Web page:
You will go out with joy and be led forth with peace… (Isaiah 55:12–NIV).

There they are–those words I need, words that offer me joy. Peace. Words that remind me of God’s love–of the hope we have in Him.

I look around again. See the clutter–the seeming chaos that’s part of the closing of the season. Boxes need to be put away. Books wait to be placed back on shelves where, for the last two months, sheep and angels and a Holy Child have been nestled in and among candles and greenery. Wrappings and ribbon need to be tucked inside the old suitcase where I store them, to be returned to the attic.

Yes. Soon there will be the calm of order, and before long, spring will return–making me forget why I fretted so in mid-January, so enamored with dancing daffodils. Prior to that, I pray we’ll experience a snowfall that will send us out of doors to play. And indeed, each season will speak of Dad’s life on earth–reminding us, too, of the beauty of his new Home where we truly believe we’ll see him again, one day.

That’s what we’re told, after all. That’s what we’ve been promised, and no matter what life brings–yesterday, today, tomorrow, or any of the days still to come–the Word of the LORD stands for us firm, faithful, and forever. Today, that needs to be enough for me–despite any feeling, based solely on faith.

And then, just like that, God gives a gift–chooses to say, “See what one’s obedience does?” In a blink, He offers something that can be seen.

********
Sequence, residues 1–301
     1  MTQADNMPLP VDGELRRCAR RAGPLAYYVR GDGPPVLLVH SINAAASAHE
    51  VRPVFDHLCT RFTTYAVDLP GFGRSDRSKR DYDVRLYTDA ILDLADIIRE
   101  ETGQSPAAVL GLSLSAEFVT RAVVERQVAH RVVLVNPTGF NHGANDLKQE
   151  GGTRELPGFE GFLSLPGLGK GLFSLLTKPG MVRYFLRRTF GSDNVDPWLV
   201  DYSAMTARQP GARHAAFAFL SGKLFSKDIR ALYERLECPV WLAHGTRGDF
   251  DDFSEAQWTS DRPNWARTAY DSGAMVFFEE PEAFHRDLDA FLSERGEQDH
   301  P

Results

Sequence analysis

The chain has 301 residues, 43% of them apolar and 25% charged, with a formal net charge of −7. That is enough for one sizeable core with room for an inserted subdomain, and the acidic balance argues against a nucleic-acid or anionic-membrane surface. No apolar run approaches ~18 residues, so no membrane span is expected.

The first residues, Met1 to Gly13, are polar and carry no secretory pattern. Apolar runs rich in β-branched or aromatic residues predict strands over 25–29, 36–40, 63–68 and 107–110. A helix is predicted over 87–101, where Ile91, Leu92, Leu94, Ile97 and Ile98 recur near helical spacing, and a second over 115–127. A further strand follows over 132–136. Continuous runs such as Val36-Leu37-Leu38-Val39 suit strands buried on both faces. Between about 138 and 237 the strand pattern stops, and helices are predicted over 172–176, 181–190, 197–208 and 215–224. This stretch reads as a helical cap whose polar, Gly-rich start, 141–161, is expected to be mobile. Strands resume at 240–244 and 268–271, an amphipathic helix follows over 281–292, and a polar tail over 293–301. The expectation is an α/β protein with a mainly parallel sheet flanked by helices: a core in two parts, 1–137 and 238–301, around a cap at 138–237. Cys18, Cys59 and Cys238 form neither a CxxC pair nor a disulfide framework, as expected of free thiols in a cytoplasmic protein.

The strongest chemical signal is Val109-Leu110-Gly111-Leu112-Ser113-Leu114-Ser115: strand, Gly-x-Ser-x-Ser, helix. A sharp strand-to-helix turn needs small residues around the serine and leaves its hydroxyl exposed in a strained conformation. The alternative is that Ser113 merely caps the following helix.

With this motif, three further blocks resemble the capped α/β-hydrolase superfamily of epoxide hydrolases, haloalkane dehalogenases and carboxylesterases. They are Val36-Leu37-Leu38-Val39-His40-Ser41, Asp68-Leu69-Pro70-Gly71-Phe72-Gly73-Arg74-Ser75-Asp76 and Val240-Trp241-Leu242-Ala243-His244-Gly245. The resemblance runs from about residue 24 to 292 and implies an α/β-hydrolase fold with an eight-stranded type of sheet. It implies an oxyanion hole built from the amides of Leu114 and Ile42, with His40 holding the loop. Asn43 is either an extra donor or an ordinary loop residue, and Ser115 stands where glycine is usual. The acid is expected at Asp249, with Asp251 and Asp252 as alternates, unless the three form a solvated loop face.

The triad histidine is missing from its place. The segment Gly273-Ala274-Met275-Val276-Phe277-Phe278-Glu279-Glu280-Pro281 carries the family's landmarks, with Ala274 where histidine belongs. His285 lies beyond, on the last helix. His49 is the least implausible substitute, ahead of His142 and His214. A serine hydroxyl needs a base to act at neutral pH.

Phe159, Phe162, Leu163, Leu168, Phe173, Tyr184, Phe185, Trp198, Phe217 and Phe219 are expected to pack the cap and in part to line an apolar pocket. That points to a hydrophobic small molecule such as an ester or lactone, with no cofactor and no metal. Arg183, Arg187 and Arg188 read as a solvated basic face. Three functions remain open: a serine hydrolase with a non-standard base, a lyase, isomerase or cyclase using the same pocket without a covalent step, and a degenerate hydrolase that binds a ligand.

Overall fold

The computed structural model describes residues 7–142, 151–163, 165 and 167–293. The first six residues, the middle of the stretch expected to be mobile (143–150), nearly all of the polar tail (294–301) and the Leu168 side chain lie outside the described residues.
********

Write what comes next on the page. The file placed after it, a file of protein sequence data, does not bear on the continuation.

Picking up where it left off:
Closing my Bible, I look up just in time to witness with my very own eyes an eternal promise. Arching before me, just over the pond–faintly at first, then fearlessly bold–a rainbow proclaims,

Behold my message: The result of dismal turned divine–the promise that God is near.”


Color despite a covering of gray–only, however, when the sun pierces darkness, dances with moisture unseen to create a miracle, like the miracle in my heart.

I turn from the window–suddenly filled with the emotional strength I need to carry boxes, baskets, and books upstairs. Opening the attic door, I lay them down one by one and say goodbye to Christmas.

Then, clothed in Christ, I’ll strive to do my best to live him each and every day–because indeed…

She is [dressed] with strength and dignity; she can laugh at the days to come (Proverbs 31:25–NIV).

Dearest Jesus, help me to experience you in every moment. More than that, despite what I might see–by faith–help me live you each day, even when my flesh tries to hinder your work. You are my joy. You are my strength–in this and every season. So be it.